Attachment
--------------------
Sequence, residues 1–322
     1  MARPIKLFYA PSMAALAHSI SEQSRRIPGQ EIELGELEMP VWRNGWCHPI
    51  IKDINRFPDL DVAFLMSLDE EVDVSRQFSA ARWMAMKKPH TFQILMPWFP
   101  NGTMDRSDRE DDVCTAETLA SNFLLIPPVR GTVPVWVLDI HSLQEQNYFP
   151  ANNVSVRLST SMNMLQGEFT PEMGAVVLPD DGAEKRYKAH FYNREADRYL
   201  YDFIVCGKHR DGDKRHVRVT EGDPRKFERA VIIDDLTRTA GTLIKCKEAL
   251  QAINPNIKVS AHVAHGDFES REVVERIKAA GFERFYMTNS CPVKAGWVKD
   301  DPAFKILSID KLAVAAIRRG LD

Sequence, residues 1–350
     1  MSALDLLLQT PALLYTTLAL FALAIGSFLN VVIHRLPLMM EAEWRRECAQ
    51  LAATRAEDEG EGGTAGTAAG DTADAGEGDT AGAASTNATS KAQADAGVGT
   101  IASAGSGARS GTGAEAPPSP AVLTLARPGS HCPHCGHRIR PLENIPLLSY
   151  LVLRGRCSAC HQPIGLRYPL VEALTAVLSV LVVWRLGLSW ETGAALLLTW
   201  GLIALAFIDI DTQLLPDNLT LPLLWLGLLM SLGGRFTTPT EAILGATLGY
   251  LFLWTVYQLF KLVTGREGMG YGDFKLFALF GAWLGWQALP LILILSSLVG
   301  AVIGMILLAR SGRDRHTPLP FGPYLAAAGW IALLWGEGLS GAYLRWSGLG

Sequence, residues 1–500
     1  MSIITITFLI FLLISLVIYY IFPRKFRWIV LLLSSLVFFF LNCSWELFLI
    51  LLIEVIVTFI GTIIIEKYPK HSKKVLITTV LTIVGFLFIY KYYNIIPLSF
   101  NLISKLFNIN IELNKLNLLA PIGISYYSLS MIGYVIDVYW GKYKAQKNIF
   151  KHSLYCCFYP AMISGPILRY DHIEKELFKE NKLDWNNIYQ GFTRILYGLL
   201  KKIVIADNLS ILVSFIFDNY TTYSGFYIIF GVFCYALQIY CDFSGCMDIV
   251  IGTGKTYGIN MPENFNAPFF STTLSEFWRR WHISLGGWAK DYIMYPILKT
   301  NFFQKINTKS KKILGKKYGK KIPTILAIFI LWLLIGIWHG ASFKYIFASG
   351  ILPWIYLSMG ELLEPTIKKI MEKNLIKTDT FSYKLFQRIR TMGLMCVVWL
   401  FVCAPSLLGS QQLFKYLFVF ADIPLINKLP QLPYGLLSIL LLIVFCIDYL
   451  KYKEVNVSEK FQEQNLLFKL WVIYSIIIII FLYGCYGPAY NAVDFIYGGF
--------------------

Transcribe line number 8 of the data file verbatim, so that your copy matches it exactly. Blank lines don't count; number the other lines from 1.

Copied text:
   301  DPAFKILSID KLAVAAIRRG LD